Goliath season 4 may be the last, but it’s the loudest yet.
This review of Amazon Original Goliath season 4 does not contain spoilers.
I write this review with a heavy heart, knowing this is the last time we will see Billy again. Well, I say that, but who knows. Amazon may change their mind, but there was an air of inevitability that dawned on season 3 that Billy’s arc, and those around him, had to end.
Season 3 ended with Billy in another near-death experience as he’s brutally shot at by a shotgun. Clearly, it wasn’t the best aim as Billy returns in season 4 with a permanently injured body, but despite his displaced soul, he is living a routine life in Chinatown, in the depths of San Francisco. The character is ever-complex, which is to be expected, but it isn’t easy to gauge his path at this point. Is he escaping? Does he want to die? What’s his purpose? It’s a character that toils the mind and is never expected to be figured out, even in the final season.
There’s one more empire to face for Billy and Patty in season 4 — the Big Pharma companies and their vicious, toxic cycle with the opioid crisis that has gripped America with an epidemic. An ambitious storyline? Sure. But what other lawyer would be capable of figuring out how to topple a monster. The series markedly makes points about the opioid crisis that is relevant to the present day. It hones in its displeasure at the lives lost for profit. Goliath season 4 may be the final ever, but it’s the loudest yet.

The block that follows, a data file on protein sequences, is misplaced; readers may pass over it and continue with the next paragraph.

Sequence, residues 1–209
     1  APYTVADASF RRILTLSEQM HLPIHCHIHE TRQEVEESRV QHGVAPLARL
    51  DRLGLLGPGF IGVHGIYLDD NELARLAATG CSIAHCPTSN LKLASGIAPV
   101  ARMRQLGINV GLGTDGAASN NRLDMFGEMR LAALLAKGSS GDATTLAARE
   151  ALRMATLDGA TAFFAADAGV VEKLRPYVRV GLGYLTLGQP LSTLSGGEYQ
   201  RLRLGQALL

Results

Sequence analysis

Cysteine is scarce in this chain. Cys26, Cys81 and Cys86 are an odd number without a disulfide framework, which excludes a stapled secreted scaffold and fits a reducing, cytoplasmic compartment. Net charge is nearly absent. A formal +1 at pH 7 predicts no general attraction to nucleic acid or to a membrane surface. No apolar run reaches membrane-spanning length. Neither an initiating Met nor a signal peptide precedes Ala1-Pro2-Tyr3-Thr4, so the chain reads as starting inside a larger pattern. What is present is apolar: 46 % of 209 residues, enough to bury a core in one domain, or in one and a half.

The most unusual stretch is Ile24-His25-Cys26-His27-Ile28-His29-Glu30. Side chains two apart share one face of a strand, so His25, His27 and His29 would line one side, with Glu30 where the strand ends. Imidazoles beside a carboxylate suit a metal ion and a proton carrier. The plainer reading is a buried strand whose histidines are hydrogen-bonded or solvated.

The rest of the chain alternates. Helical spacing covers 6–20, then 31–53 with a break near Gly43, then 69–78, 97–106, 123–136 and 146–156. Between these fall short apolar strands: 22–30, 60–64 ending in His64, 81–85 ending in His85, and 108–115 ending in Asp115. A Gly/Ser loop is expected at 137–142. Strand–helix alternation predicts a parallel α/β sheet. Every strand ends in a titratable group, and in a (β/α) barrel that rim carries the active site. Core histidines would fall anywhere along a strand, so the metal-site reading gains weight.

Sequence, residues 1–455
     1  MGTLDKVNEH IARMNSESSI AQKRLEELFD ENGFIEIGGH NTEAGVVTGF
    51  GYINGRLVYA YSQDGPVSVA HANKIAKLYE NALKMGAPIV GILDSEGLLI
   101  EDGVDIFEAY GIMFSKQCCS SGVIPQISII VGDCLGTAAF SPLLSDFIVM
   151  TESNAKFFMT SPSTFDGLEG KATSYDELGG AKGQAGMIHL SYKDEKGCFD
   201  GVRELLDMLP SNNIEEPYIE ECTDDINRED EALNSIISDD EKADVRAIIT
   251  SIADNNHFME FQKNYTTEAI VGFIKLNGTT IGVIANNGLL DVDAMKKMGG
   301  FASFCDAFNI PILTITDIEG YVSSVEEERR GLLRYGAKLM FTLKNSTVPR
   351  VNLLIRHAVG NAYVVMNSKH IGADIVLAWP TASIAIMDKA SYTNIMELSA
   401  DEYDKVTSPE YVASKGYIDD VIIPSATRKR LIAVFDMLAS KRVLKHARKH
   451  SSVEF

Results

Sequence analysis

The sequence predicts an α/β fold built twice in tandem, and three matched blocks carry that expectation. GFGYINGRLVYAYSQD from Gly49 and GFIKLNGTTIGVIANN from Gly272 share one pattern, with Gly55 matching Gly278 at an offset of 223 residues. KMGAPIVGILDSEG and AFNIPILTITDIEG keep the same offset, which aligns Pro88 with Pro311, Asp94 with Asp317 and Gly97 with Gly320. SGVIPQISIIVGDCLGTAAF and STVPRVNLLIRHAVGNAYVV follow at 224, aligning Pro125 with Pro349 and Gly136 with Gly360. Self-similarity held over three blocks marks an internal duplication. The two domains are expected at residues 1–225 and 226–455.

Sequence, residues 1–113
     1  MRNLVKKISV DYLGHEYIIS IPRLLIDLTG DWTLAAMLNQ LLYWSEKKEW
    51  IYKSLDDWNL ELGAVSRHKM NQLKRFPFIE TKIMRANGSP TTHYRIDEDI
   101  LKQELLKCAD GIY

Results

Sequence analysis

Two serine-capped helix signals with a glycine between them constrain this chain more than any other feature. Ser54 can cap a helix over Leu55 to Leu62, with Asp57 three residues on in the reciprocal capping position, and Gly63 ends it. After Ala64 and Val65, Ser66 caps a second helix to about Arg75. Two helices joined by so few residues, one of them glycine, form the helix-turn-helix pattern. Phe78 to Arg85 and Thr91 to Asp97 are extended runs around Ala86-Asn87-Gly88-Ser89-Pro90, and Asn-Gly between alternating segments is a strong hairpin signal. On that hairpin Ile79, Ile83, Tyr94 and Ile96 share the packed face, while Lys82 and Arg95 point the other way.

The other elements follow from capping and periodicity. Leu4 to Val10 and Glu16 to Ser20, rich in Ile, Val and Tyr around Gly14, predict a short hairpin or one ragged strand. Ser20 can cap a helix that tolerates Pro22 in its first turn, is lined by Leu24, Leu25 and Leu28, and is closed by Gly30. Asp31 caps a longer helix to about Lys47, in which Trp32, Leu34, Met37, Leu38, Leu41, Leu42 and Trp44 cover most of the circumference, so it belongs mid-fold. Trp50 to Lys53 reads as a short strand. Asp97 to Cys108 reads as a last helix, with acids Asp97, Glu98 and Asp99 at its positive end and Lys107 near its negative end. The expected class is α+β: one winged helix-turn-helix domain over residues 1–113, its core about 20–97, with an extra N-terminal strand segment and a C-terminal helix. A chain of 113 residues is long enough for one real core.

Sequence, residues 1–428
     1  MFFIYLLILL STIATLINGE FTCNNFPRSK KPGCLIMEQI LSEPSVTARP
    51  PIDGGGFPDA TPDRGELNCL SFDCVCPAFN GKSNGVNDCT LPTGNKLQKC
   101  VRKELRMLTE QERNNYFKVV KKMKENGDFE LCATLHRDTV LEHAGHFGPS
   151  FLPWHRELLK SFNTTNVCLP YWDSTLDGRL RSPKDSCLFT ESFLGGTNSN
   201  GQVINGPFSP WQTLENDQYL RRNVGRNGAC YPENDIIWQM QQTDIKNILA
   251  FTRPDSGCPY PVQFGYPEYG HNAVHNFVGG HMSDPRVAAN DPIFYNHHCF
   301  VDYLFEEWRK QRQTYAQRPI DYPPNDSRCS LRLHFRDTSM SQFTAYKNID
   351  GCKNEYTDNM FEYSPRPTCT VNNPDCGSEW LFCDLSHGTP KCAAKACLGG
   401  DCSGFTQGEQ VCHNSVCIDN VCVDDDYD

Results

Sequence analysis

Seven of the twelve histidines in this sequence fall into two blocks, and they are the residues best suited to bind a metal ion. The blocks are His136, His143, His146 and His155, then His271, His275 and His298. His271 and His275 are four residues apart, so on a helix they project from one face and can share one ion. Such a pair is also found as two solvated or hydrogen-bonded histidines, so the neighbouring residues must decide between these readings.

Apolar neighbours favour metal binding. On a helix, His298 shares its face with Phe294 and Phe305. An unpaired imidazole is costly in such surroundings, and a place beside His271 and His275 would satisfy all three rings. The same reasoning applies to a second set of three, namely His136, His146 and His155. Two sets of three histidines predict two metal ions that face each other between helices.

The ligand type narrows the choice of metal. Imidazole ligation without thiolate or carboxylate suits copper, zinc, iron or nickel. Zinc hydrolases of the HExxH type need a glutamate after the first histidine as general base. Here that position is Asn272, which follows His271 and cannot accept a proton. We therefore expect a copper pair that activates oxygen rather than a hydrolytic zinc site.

And Goliath wants to ensure it leaves with a bang, bringing in a villain played by J.K. Simmons. The casting here is fantastic and almost irreplaceable. He’s a character that strives for more despite being a billionaire. His presence can be felt. He feels undefeatable, and when he enters a room, it’s difficult not to be glued to the screen. What else can we expect from an actor, but coupled with Billy Bob Thornton, expect a flurry of opposing performances.
Like previous installments, season 4 has a knack for incredible direction and setting the mood; nothing is a coincidence — no moment of dialogue, movement, facial expression, and shot is done for the sake of filling seconds. It all serves a purpose to bring the audience to a particular scene or objective. And while the story does iron out slightly as it reaches the finale, which is to be expected as we say goodbye, there’s an arrogance about it. The series knows it will hook viewers in. Season 4 is not a goodbye party. It’s confident in the story it’s telling. It tells it rather well.
I cannot go as far as to say this is the best season, but it’s certainly a grand bow out. I wish this weren’t goodbye, but sometimes a series knows when to end, and Goliath is one of them.
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